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Opinion: Steve Cohen, Mets agreement provides Flushing faithful with tangible hope

Jeff Curry-USA TODAY Sports / Reuters Picture Supplied by Action Images (TAGS: Sport Baseball MLB) *** Local Caption *** 2015-11-01T230537Z_792467747_NOCID_RTRMADP_3_MLB-WORLD-SERIES-KANSAS-CITY-ROYALS-AT-NEW-YORK-METS.JPG

You’ll have to excuse Mets fans today — and maybe for the next few years… or decades.

Okay, that might be going a little too far, but what isn’t hyperbole is that an idle weekday morning in September felt like Christmas morning.

The New York Mets announced that they have reached — and signed — an agreement that will transfer majority ownership to hedge-fund billionaire Steve Cohen. He can take immediate control of the franchise once he gets 23 approving votes from the 29 remaining MLB club owners in November.

And just like that — once again trying to avoid hyperbole — a nearly-two-decade nightmare is on the cusp of ending. Because that’s exactly what it was, a nightmare.

The Wilpon family ran one of Major League Baseball’s highest-valued franchises playing in North America’s largest sporting market like a team that plays in a 6,000-seat stadium in the middle of Soda Springs, Idaho.

It’s like possessing the physique and athleticism of LeBron James but not knowing how to dribble a basketball or dunk.

For Mets fans, it was maddening.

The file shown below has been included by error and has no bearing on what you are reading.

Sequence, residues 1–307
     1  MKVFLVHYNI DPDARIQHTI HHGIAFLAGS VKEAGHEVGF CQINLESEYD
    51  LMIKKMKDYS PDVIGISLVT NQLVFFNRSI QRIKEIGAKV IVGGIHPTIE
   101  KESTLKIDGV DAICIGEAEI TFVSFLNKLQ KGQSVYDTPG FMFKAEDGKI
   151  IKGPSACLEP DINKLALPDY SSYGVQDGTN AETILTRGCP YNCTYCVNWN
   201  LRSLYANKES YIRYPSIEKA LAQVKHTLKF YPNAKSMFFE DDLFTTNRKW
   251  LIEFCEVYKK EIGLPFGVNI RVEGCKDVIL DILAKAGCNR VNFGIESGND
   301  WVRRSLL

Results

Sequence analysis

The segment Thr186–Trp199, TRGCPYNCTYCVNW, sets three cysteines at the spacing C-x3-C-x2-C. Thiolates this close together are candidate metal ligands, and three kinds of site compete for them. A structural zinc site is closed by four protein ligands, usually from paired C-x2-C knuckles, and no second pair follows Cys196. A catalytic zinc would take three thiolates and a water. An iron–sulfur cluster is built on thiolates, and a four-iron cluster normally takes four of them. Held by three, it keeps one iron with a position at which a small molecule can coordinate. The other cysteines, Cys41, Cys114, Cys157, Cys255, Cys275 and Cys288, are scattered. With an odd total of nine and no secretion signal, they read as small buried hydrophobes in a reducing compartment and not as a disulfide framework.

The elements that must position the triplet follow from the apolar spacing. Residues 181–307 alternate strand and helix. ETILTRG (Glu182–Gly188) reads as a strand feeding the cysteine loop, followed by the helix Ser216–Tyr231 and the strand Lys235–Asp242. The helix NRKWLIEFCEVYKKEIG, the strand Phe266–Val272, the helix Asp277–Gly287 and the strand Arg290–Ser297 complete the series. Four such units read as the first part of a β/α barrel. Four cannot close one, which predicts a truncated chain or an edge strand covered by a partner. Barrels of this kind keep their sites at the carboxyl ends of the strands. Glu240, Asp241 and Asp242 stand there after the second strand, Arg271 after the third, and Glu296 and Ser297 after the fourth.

After being ransacked by the Bernie Madoff Ponzi scheme, the Wilpons’ wallets were all but sealed shut. Promising rosters that were a few pieces away from serious contention were filled with stopgaps, neglecting the promise of a championship chase for the illusion of being in the thick of things.

It was a ploy to get butts in the seats at Shea Stadium and later, Citi Field, but Mets fans are smarter than that. They finally got to the point where they said “show me a winner” rather than just talking about one. The Mets haven’t been in MLB’s top-10 in annual attendance since 2009, which was Cit Field’s inaugural season.

The only thing that will draw fans and make money at the gates (when all this pandemic stuff is over) is a strong team on paper with competent leadership that delivers on paper.

That means going out and spending like the big-market club that they truly are. That means bringing on experienced general managers and managers rather than former agents and bargain hires.

Cohen not only brings that promise, but he’s already revitalized a fan base that has been running on empty for years.

And it’s all because of the Benjamins.

The 64-year-old Long Island native is worth $14.6 billion, according to Forbes. That’s more than MLB’s three richest owners — the Nationals’ Mark Lerner ($4.8 billion), the Giants’ Greg Johnson ($4.5 billion), the Tigers’ Mike Ilitch ($3.8 billion) — combined.

Finally, real money is going to be pumped into the Mets.

Finally, there is a chance that this is run like a true professional ballclub.

Finally, they could be the big fish in the free-agent market.

Finally, Mets fans have reasons for legitimate hope rather than hypothetical ambitions.

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